$args = array(
    'meta_query' => array(
            'key' => 'color',
            'value' => 'red'

Multisite max_upload_file_size

Creating a WordPress multi-site network you might encounter an issue with file uploads after the setup. Before going crazy changing all the php.ini settings and wp-config.php with no result make sure you check the value of “max_upload_file_size” in the network settings page.

That’s /wp-admin/network/settings.php in case you don’t know where to find it. Also note that it’s a value in kb – so don’t set it to something like 64.

Allow WordPress multi-site in sub-directories for existing websites

When trying to enable the WordPress multi-site you might get the following message in the setup:

“Because your install is not new, the sites in your WordPress network must use sub-domains. The main site in a sub-directory install will need to use a modified permalink structure, potentially breaking existing links.”

What this means is that there might be a conflict between existing pages/posts and new sites. So if you previously had a page with the slug “mobile” and after the setup you create a sub-site called “mobile” well…you see the problem.

The easiest way to avoid that restriction ( keeping in mind to avoid the slug conflict above ) is by adding the code below to an active plugin or theme.

add_filter( 'allow_subdirectory_install',
   create_function( '', 'return true;' )

After that, you can run the setup as for a new website, when you’re done don’t forget to remove the code.

WordPress admin check if content changed using Heartbeat

When creating a WordPress admin panel it is common to want to refresh the page based on real-time content changes. The most straightforward way of doing that is by hooking into the WP Heartbeat API.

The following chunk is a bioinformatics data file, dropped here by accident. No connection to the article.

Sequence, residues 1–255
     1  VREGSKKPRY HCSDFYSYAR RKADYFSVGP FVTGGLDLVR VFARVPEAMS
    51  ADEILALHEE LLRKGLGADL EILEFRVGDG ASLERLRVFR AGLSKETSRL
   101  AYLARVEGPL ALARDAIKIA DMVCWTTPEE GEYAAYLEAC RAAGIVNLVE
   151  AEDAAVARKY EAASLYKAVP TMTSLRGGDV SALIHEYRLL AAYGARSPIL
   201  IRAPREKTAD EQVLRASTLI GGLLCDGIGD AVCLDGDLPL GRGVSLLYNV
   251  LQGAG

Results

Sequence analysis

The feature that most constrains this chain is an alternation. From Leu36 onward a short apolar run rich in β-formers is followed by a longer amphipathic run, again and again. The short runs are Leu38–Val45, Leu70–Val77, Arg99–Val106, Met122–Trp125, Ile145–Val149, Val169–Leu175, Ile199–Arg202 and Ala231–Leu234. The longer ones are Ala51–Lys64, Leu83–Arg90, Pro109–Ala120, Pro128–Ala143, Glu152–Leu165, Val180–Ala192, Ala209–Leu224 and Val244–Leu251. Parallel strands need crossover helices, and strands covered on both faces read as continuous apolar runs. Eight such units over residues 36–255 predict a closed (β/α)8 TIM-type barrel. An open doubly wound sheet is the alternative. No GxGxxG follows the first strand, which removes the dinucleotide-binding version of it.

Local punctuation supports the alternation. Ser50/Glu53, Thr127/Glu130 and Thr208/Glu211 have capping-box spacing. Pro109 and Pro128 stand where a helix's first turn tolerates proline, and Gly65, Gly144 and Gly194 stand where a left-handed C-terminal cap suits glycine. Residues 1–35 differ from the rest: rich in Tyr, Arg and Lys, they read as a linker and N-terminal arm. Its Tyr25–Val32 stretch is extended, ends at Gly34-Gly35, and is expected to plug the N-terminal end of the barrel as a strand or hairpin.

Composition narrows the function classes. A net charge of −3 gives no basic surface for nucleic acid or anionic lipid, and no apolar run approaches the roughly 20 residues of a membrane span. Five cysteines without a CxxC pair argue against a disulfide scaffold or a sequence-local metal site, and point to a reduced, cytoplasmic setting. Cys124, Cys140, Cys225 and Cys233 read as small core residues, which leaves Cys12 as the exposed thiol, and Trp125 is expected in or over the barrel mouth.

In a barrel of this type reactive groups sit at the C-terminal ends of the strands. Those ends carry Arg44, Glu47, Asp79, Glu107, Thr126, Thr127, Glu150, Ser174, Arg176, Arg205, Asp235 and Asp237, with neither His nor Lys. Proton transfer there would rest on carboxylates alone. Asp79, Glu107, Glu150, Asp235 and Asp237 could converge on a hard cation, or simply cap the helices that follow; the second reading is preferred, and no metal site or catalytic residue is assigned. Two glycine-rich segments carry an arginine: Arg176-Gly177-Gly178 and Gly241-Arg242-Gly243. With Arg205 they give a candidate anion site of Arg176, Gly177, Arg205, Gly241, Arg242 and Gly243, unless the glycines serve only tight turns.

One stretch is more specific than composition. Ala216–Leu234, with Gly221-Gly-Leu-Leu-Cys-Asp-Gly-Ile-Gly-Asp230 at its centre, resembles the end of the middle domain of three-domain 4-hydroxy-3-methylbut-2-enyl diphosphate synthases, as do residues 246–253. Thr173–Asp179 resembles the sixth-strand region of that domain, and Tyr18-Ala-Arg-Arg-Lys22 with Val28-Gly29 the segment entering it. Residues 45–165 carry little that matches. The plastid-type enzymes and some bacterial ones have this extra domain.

Using the Heartbeat API you can have almost real-time updates to the admin content.

What is the WordPress Heartbeat API?

It was introduced in WordPress version 3.6 and basically it does a regular Ajax call. It does so in order to check if the user is still logged in or if someone else is editing a post. This way it can show you the whole “someone else is editing this post” screen which you can “Take over”.

The Ajax call is, by default, being triggered based on user activity and at a certain interval but we can also change that to a more “stable” call at a given interval.

But first, the data update!

When you are ready to update the data in your admin panel ( or another plugin’s admin panel ) there are 2 steps to follow:

  1. You add a piece of JavaScript that adds your custom variable
  2. You filter the value of “heartbeat_received” and populate the data which will also be used in the script you added above.

Here’s an example of doing that:

add_filter( 'heartbeat_received', 'm_add_heartbeat_data'), 10, 2 );
function m_add_heartbeat_data( $response, $data ) {
   if ( isset($data['daed_version']) && $data['daed_version']=='dashboard_editorial' ) {
      $response['daed_version'] = $this->get_version();
   return $response;
add_action( 'admin_print_footer_scripts', 'm_heartbeat_footer_js');
function m_heartbeat_footer_js() {
   global $pagenow;
   // check the page you are on, maybe you don't want to run this on all the admin pages
   if( 'admin.php' != $pagenow )
         $(document).on('heartbeat-send', function(e, data) {
            // add your custom variable which will be populated in the ajax request
            data['m_sales'] = 'yes_send';
         $(document).on( 'heartbeat-tick', function(e, data) {
            // don't run the script if the custom variable is not present
            if ( ! data['m_sales'] )
            if ( data['m_sales'] ) {
         // set the heartbeat interval - explained below
         wp.heartbeat.interval( 'slow' );

If you’re asking yourself “why not add this in a separate js file?” – the answer is, because it will get cached and maybe you want to pass some variables to it.

Changing the interval

You can change the Heartbeat interval either by hooking into the “heartbeat_settings” filter using PHP and changing the “interval” value:

function m_heartbeat_settings( $settings ) {
   $settings['interval'] = 60; //only values between 15 and 60 seconds allowed
   return $settings;
add_filter( 'heartbeat_settings', 'm_heartbeat_settings' );

Or by using the JavaScript functions as I have done above using one of the 3 available values: fast, slow or standard.

// 5 seconds but no more than 2 and a half minutes
wp.heartbeat.interval( 'fast' );
// 60 seconds
wp.heartbeat.interval( 'slow' );
// 15 seconds
wp.heartbeat.interval( 'standard' );


Adding a custom table to the WordPress database